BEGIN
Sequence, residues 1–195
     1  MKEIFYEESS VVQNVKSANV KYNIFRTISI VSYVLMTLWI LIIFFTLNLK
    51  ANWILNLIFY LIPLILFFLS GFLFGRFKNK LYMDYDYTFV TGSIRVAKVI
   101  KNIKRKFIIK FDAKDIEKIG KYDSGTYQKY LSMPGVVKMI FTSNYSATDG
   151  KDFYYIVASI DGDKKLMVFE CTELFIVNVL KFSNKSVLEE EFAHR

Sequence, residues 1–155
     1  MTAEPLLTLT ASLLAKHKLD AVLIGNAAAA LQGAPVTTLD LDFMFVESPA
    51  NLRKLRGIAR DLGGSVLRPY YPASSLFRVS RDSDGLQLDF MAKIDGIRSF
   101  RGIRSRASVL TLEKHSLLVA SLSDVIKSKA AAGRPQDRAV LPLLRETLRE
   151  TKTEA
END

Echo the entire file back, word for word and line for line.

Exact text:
Sequence, residues 1–195
     1  MKEIFYEESS VVQNVKSANV KYNIFRTISI VSYVLMTLWI LIIFFTLNLK
    51  ANWILNLIFY LIPLILFFLS GFLFGRFKNK LYMDYDYTFV TGSIRVAKVI
   101  KNIKRKFIIK FDAKDIEKIG KYDSGTYQKY LSMPGVVKMI FTSNYSATDG
   151  KDFYYIVASI DGDKKLMVFE CTELFIVNVL KFSNKSVLEE EFAHR

Sequence, residues 1–155
     1  MTAEPLLTLT ASLLAKHKLD AVLIGNAAAA LQGAPVTTLD LDFMFVESPA
    51  NLRKLRGIAR DLGGSVLRPY YPASSLFRVS RDSDGLQLDF MAKIDGIRSF
   101  RGIRSRASVL TLEKHSLLVA SLSDVIKSKA AAGRPQDRAV LPLLRETLRE
   151  TKTEA